Antidepressants and Alcohol

It is quite common to see people drink alcohol while socializing. They also drink to enhance a social experience. Some people are not into recreational drinking though and they may limit them to a glass of wine only when they cannot avoid it in any way. Some people avoid drinking alcohol because they are on antidepressants. However, there are people who believe there is no connection between antidepressants and alcohol. Keep reading to find the truth.

Can You Drink Alcohol While Taking Antidepressants?

No you can't. Both medical professionals and manufacturers of antidepressants discourage alcohol drinking while on antidepressants. The reason is that most antidepressants can interact with alcohol and result in serious side effects. On the other hand, an antidepressant medication will no longer be fully effective even if you drink a small amount of alcohol every day. It means the more you drink the less effective your antidepressant will be.

You may also notice some specific issues when mixing antidepressants and alcohol together. For instance:

  • You are going to feel more anxious or depressed. This will make it more difficult to treat your symptoms. While alcohol appears to improve your mood, the effect lasts for a short time only. This is usually followed by a period of increased anxiety and depression.
  • You may notice serious side effects if you are taking other medications as well. The most common are sleep medications, anti-anxiety medications, and prescription pain medications.
  • You may experience impaired alertness and thinking. The combo of alcohol and antidepressants can easily affect your judgment, coordination, and reaction time. You may feel sleepy and fail to drive or do other tasks that require attention and focus.
  • Your liver will fail to function properly because your liver processes both antidepressant medications and alcohol. If you take both together, your liver may not be able to metabolize either the alcohol or the medication properly.
  • The combination may increase serotonin levels in your brain. Drinking alcohol alone can affect the serotonin activity that in turn may affect signaling and neurotransmission. Antidepressant medications will do the same and increase levels of serotonin that may cause maniac symptoms, dangerous mood swings, and risky behavior.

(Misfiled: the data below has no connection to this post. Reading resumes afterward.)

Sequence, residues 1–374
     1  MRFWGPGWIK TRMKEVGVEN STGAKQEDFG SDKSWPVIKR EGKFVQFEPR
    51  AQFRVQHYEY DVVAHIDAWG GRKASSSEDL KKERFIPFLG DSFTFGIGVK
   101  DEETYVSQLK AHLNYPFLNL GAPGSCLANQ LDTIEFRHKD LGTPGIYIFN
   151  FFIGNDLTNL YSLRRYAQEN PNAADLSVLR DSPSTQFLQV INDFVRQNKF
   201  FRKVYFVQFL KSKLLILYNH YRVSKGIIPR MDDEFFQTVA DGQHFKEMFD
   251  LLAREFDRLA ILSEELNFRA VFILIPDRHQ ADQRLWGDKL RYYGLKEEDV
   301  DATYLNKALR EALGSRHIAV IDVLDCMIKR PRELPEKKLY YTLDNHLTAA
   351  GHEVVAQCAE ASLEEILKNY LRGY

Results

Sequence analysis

Can You Stop Your Antidepressants to Drink Alcohol?

Now that you know the issues associated with antidepressants and alcohol, you may be thinking if you can stop taking antidepressants for a while to drink alcohol. This is not a good idea. You have to take antidepressants in a timely manner to avoid making your depression symptoms worse. What you should do is cut back on social drinking and consider it a part of your treatment for depression.

You should also bear in mind that there will be serious withdrawal symptoms if you stop taking your medication to drink alcohol. The most common symptoms are headaches, dizziness, brain zaps, and flu-like symptoms. You may find yourself under serious depression with strong suicidal thoughts. It is therefore a better idea to stop drinking alcohol and continue with your antidepressant treatment.

Reaction of Combining Different Antidepressants and Alcohol

What side effects you experience when mixing antidepressants with alcoholwill also depend on what types of antidepressants you are taking.

1.        Selective Serotonin Re-Uptake Inhibitors (SSRIs)

You may not notice any side effects if you mix alcohol with SSRIs like fluoxetine. Similarly, there may not be any change in cognitive or motor functioning if you combine alcohol and SSRIs such as escitalopram, sertraline, and citalopram. However, SSRIs such as Luvox and Paxil can interact with alcohol and cause side effects such as impaired motor skills and cognition abilities.

2.        Tricyclic Antidepressants (TCAs)

You may feel drowsy and notice a significant change in your cognitive and motor senses when combining alcohol with TCAs such as amitriptyline. You are more likely to feel the effects within the first few weeks of starting these antidepressants. Mianserin, trazodone, and other related antidepressants in this category may also interact with alcohol. You should avoid drinking alcohol especially during the first few weeks of taking these antidepressants.

3.        Selective Serotonin Reuptake Inhibitors (SNRIs)

They are quite similar to SSRIs and react to alcohol in the same fashion. Manufacturers of these SNRIs encourage people to avoid combining it with alcohol because it could lead to side effects such as impaired coordination, increased drowsiness, etc. They are a relatively safer option when you want to combine antidepressants and alcohol, but you should still avoid doing so.

4.        Monoamine-Oxidase Inhibitors (MAOIs)

You may notice dangerous side effects when combining MAOIs with alcoholic beverages such as wine, beer, and sherry that contain a protein called tyramine. Antidepressants interact with this protein and cause serious side effects, including a dangerous spike in blood pressure. You should avoid all alcoholic beverages if you are currently taking MAOIs. You may not experience any side effects though if you are taking a reversible MAOI such as moclobemide.

5.        Atypical

Antidepressants with unique properties fall under this category. Since their properties vary a lot, how they react with alcohol varies in the same way. If you are taking drugs like Remeron, you may notice impaired motor skills. Other drugs in this category like Wellbutrin may also increase the risk of seizures. Some drugs like Viibryd may not have serious side effects and react similarly to SSRIs. It is therefore a good idea to talk to your doctor to know exactly what types of side effects you may notice when combining these antidepressants and alcohol.

 
 
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